BEST Nymph Fishing Tip Ever for Mending Line
October 30, 2015
This tip changed my nymph fishing. I'm not sure at what point I personally started mending my indicator setups overhand like this, but all I know is that I wish that I had done it many years ago. First, let me define the term "mend".
Mend - : to make (something broken or damaged) usable again : to repair (something broken or damaged)
The dictionary pretty much nails it. We are "repairing" the presentation. With this new style of mending we will "PREPARE" the presentation so it requires less mending along the way. I will add at this point, that mending is ANY strategic re-situating of the fly line designed to improve presentation. It is upstream mend most of the time, but it can be downstream, cross stream, neutral, or used to describe the act of feeding line. Furthermore, when mending a nymph setup this strategic re-situatings should result in slack being created between the indicator and the fly.
I have had the pleasure of watching many thousands of anglers attempt to catch fish over the past 16 guide seasons, and one big takeaway from that is the fact that 90% of you mend incorrectly with indicator rigs. This includes all anglers. Even the ones with expensive rods, ones that "use to guide", ones that currently work as pro guides, and of course my favorites... all of you students that simply want to learn and elevate your game to the next level. I prefer to help the latter and this is the best tip that I can give you.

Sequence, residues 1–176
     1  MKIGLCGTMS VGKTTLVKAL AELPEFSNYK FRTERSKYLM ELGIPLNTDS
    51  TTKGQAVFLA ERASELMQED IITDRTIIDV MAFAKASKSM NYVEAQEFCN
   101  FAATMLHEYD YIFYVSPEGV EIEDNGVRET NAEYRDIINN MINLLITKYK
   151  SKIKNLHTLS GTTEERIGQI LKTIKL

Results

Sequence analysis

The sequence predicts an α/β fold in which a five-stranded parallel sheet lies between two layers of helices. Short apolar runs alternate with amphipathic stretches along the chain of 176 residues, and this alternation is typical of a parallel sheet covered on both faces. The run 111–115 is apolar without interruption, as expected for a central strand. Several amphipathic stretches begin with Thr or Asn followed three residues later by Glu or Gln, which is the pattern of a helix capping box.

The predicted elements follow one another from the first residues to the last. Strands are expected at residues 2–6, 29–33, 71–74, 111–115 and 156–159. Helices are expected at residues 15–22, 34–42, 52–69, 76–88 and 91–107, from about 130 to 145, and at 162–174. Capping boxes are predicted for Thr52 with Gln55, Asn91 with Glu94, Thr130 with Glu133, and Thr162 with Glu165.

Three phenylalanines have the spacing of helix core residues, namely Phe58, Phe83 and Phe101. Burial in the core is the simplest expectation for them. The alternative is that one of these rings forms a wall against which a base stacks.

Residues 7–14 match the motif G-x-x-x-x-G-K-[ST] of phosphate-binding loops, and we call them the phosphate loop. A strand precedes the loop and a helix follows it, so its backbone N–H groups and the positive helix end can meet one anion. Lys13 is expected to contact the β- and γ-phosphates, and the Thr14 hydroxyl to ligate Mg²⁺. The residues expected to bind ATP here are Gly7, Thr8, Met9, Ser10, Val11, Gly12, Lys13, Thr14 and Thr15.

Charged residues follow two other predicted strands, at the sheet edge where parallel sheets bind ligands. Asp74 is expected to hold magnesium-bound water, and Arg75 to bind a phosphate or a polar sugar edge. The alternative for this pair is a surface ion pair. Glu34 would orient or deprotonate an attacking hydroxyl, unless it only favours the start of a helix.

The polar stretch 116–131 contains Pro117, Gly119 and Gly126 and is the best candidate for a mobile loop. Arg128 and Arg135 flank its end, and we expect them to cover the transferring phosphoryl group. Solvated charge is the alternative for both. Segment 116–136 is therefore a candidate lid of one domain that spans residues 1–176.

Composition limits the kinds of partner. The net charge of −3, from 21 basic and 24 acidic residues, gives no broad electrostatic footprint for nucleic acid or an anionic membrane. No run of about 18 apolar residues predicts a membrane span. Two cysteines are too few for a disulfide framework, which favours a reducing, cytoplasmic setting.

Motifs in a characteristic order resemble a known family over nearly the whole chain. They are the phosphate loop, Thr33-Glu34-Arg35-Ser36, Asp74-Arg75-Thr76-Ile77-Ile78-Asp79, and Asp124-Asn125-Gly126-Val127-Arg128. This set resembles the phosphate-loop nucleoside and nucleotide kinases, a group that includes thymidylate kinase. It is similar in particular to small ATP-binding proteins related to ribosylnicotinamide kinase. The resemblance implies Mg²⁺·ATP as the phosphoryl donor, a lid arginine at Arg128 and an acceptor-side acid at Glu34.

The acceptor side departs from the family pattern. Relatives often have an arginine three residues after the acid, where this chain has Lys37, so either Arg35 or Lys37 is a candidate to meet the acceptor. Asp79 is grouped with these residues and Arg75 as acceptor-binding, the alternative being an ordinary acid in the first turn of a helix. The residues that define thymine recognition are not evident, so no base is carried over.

Nearly all anglers mend with the rod parallel to the water at around chest level. This can work for dry fly fishing, however it is a fundamentally flawed motion because the physics of this action creates tension between the indicator and the fly. It draws the entire system tight which not only preserves the tension between the indicator and the fly (keep in mind our goal is to mend to the FLY not the float) it re-tightens this relationship every time you mend.
With this new method, you will generate a 100% slack line between indicator and fly which makes for a natural presentation. Also, a simple philosophy to keep in mind is that the water your nymphs are in is about half the speed of the water that your strike indicator is in. Surface currents are much faster, therefore the float gets way ahead of the flies. Be setting that indicator back upstream of your flies with an initial mend, and then setting some line upstream of the indicator you can actually slow your indicator down to a speed slightly slower than the surface currents, but exactly the speed of the flies. Happy catching.